Blowhard, Esq. writes:
Via Paleo Retiree, an insider gives us a peek into how things really work at the New York Times:
Having left the Times on July 25, after almost 12 years as an editor and correspondent, I missed the main heat of the presidential campaign; so I can’t add a word to those self-assessments of the recent political coverage. But these recent mornings-after leave me with some hard-earned thoughts about the Times’ drift from its moorings in the nation at-large.
For starters, it’s important to accept that the New York Times has always — or at least for many decades — been a far more editor-driven, and self-conscious, publication than many of those with which it competes. Historically, the Los Angeles Times, where I worked twice, for instance, was a reporter-driven, bottom-up newspaper. Most editors wanted to know, every day, before the first morning meeting: “What are you hearing? What have you got?”
It was a shock on arriving at the New York Times in 2004, as the paper’s movie editor, to realize that its editorial dynamic was essentially the reverse. By and large, talented reporters scrambled to match stories with what internally was often called “the narrative.” We were occasionally asked to map a narrative for our various beats a year in advance, square the plan with editors, then generate stories that fit the pre-designated line.
Reality usually had a way of intervening. But I knew one senior reporter who would play solitaire on his computer in the mornings, waiting for his editors to come through with marching orders. Once, in the Los Angeles bureau, I listened to a visiting National staff reporter tell a contact, more or less: “My editor needs someone to say such-and-such, could you say that?”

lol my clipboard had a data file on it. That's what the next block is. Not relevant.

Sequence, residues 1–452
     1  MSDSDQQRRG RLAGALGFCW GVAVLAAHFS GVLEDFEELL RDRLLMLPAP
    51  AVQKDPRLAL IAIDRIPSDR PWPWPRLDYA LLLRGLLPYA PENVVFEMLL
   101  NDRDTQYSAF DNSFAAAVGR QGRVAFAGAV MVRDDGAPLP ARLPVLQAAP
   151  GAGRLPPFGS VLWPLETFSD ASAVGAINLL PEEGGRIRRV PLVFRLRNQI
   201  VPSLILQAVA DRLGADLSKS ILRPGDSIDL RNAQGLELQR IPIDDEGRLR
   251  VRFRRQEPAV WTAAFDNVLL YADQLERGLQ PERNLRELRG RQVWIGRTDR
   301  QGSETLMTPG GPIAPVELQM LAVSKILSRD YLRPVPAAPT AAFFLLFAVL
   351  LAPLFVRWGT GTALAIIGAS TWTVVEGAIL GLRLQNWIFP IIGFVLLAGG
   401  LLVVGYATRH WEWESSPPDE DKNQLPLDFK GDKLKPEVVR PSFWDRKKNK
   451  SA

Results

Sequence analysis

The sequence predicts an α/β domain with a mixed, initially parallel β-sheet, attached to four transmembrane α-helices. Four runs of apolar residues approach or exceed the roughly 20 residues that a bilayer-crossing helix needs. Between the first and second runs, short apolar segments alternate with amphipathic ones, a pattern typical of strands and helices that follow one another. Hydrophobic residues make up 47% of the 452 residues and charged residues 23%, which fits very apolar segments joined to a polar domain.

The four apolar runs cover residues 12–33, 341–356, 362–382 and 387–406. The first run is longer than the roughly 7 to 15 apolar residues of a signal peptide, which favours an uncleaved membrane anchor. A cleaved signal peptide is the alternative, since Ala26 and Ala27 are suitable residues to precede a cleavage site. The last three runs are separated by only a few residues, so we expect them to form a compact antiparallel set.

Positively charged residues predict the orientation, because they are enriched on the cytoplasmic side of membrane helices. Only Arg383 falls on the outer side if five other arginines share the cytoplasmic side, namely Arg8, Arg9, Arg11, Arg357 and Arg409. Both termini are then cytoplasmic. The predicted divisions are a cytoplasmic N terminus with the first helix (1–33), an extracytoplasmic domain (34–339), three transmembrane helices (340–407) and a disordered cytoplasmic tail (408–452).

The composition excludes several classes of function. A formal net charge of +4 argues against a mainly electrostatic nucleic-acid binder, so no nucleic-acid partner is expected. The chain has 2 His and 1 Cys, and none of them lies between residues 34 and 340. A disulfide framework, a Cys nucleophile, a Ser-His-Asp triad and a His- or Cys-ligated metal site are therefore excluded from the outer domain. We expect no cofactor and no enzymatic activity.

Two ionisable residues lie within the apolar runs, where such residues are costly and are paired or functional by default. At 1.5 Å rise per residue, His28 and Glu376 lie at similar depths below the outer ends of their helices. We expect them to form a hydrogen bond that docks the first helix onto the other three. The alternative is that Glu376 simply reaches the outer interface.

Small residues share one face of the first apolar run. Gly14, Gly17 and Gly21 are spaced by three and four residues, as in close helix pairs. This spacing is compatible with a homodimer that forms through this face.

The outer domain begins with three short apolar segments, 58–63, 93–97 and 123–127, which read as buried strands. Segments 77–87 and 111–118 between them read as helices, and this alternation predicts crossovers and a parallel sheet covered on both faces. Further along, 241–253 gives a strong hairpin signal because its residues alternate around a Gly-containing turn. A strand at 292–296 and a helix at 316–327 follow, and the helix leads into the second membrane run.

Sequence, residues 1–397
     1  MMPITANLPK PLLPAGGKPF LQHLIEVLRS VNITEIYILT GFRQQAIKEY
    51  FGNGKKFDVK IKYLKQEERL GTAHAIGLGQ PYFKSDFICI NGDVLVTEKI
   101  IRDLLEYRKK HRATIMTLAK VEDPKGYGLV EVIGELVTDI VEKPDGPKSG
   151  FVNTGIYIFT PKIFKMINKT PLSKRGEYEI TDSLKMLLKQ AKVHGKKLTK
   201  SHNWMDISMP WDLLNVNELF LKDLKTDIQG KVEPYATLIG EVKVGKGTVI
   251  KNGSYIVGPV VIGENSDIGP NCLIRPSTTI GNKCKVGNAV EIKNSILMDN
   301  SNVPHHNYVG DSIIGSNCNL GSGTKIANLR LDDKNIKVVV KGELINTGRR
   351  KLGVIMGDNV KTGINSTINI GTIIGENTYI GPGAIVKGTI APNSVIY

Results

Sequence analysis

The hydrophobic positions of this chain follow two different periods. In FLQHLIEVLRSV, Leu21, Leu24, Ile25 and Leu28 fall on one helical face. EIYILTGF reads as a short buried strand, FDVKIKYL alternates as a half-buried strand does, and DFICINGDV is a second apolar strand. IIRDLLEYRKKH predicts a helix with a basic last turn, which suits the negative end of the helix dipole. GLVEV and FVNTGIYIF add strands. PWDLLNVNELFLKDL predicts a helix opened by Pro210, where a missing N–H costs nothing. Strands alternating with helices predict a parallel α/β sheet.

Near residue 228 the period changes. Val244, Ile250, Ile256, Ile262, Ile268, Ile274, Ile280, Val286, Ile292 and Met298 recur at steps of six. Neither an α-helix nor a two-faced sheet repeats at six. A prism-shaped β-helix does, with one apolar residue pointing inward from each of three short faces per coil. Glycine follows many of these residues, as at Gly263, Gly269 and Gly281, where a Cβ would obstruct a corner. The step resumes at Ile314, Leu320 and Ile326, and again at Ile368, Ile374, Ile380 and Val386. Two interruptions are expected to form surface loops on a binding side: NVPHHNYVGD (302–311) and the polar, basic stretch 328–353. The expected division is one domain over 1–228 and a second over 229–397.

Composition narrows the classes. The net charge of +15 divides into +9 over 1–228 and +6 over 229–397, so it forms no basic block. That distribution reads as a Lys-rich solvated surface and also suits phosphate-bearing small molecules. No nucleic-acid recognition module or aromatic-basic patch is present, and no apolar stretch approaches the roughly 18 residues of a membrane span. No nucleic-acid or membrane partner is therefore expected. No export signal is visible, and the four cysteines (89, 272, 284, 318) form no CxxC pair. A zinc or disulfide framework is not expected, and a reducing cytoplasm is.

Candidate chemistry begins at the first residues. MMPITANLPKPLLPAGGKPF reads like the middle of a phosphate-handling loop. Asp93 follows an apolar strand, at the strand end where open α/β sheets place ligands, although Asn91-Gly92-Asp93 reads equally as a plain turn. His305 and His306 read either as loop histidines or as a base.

This sounds exactly like my experience as a junior attorney. The senior partner assigns you a position to argue and it’s your job to conduct the necessary legal research to find the existing precedents that support their argument. You reason backwards starting with their conclusion. Whether their preferred conclusion has any basis in reality is a separate, and sometimes irrelevant, issue.
I’ve had to tell the senior partner on more than one occasion that, sorry, the law doesn’t support your position. They inevitably get angry. Sometimes, after they’ve thrown their little tantrum, they adjust to the new reality and proceed accordingly. Other times, you are asked to make an argument that you know is bad. But even this can be understandable because there are inevitably instances where your best argument is still a losing one. You proceed with the losing argument anyway because, well, you’re being paid to advocate as strongly as you can on behalf of your client.
It’s been fascinating to watch the NYT and other mainstream organs operate like paid lawyers for Hillary Clinton and the Democratic Party. Mr. Cieply’s quote above is yet more evidence that they’re not reporters, they’re advocates.